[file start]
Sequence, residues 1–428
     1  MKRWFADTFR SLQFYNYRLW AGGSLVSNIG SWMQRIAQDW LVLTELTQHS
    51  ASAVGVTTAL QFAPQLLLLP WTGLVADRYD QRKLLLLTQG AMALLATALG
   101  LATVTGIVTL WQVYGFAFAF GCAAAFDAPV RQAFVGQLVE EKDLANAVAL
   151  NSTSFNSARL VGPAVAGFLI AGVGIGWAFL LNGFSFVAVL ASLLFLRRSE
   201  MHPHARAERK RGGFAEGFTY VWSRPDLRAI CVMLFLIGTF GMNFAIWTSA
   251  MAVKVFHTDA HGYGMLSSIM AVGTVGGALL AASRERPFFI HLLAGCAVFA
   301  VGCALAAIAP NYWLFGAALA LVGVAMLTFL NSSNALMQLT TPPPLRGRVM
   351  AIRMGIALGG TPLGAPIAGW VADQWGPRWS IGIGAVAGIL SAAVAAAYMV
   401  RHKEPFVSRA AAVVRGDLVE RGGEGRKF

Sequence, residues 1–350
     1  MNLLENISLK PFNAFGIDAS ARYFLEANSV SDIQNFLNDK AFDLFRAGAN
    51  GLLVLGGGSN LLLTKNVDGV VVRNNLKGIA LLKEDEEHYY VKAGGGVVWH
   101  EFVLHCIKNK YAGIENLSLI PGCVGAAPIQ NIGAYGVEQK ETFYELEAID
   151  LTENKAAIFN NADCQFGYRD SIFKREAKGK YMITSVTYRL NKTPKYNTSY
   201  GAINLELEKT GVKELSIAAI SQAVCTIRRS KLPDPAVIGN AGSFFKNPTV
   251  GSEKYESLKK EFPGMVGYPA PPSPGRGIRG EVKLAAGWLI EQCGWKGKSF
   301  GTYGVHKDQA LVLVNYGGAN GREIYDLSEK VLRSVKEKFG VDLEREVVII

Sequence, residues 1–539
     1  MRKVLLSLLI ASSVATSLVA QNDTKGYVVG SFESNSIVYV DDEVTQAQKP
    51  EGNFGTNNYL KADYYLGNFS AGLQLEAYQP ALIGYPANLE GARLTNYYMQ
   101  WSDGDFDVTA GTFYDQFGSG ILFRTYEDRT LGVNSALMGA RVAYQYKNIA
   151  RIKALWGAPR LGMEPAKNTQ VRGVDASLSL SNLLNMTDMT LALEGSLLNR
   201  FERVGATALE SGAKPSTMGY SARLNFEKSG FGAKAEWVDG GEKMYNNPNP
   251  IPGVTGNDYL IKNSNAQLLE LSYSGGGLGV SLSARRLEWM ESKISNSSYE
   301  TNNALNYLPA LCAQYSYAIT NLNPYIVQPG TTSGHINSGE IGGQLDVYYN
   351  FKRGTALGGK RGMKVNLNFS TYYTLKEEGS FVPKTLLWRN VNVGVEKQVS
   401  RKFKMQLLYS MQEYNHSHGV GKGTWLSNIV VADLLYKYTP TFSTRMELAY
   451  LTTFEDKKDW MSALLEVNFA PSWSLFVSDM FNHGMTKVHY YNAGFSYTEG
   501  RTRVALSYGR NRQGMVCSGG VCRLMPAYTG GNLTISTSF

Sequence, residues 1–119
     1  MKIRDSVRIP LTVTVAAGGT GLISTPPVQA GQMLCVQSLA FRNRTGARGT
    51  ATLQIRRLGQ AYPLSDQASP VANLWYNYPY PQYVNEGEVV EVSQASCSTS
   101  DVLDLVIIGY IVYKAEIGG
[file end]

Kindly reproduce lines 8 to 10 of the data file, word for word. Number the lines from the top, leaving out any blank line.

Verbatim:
   301  VGCALAAIAP NYWLFGAALA LVGVAMLTFL NSSNALMQLT TPPPLRGRVM
   351  AIRMGIALGG TPLGAPIAGW VADQWGPRWS IGIGAVAGIL SAAVAAAYMV
   401  RHKEPFVSRA AAVVRGDLVE RGGEGRKF